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I was walking through the produce section of my neighborhood grocery store feeling that delectable combination of smugness and virtue. Was I not overhauling my eating regimen, pulling exotic recipes from long neglected tomes, washing out vegetable drawers in the refrigerator, laying in stocks of long braided garlic and hanging fragrant bunches of  herbs from a nail?

Yes, I reflected with satisfaction as I delicately pinched a particularly plump tomato, I was changing my ways, taking to the high road of health, eschewing (which is like chewing but without teeth) the bloodier fare I had so longed embraced, and I was turning my affectionate eye upon the leafier members of nature; to whit, I had determined to eat more vegetables whether I liked it or not.

It is thus that I begin my story today, a story that not only imparts the fruits of hard won wisdom but also reveals a long and checkered planetary history that has heretofore lain fallow. (You must be alert from here on in my puns and metaphors take on a decidedly agricultural cast).

The turning point, so to speak, the “Eureka!” of my morning meander, came when a small boy (out of the mouths of babes) turned to his mother and said, “What’s that?” and pointed to a large purple item resembling a bowling pin. “An eggplant,” she replied, hefting a bag of potatoes into her cart. “Does it lay eggs?” the young boy said with wonderment.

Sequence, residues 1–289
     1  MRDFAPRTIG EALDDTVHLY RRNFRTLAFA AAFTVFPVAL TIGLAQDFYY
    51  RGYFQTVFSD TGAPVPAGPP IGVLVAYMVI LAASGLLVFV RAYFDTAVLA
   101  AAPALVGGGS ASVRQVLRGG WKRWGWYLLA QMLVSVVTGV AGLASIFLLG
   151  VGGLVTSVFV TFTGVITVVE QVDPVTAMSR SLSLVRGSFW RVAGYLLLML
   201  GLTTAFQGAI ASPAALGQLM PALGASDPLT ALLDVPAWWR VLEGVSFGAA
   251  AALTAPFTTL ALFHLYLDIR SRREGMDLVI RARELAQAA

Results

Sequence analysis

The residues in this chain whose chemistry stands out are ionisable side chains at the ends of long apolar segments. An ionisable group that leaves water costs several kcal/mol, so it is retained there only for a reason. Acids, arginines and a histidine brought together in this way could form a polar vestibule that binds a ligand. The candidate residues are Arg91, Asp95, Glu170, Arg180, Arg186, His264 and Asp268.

It was Paul on the road to Damascus all over again! When my mind stop spinning and my sight returned I was staggered by his deductive reasoning. I reviewed the implications of his innocent observation. Anyone who is at all interested as I am in the study and history of words will see that the road I was taking did not lead to Syria. Etymologically speaking (which is like epistemology but without the irritation) this was an actual ‘what came first, the chicken or the egg’ situation.

Why was a purple vegetable shaped like a bowling pin called an eggplant? Were chickens so enraptured by their flavor they laid more eggs? Was chicken fertilizer used to deepen it purple coloration? Did chickens really lay eggs – or did they secretly grow them behind the henhouse in the dark of the moon?  I reeled!

Being of a philosophical turn of mind, that conundrum led me to other immediate observations and syllabic acrobatics. For instance, was spinach so named because it induced a twirling reaction when placed in the mouths of small children?  Is there a correlation between cheerleaders and rutabagas – or was that Winnebagoes?

Did eating squash lead to the desire to step on ants? Did beans really make you snap? If a Catholic ate Jerusalem artichokes would he convert? Did cantaloupes contribute to the demise of nocturnal flits to Niagara Falls? Were tangerines a contributing cause of reckless driving? What part did asparagus play in the recent rise of Asperger’s Syndrome?

One after the other these alarming and as yet unanswerable questions swirled through my defenseless mind. I mopped my brow and leaned heavily on the shopping cart as my knees began to wobble. No wonder vegetarians were so strong and healthy. They had to be to withstand and vanquish this onslaught of associative thinking.

Needless to say, I exited the store without making any purchases. I had not realized that when they said eating more vegetables would change your lifestyle it should be taken literally. I gave a silent prayer of thanksgiving that I had been saved from taking this rash step and took up the reins. I cracked the whip and shouted “Mushrooms!” to the dogs and we were off!

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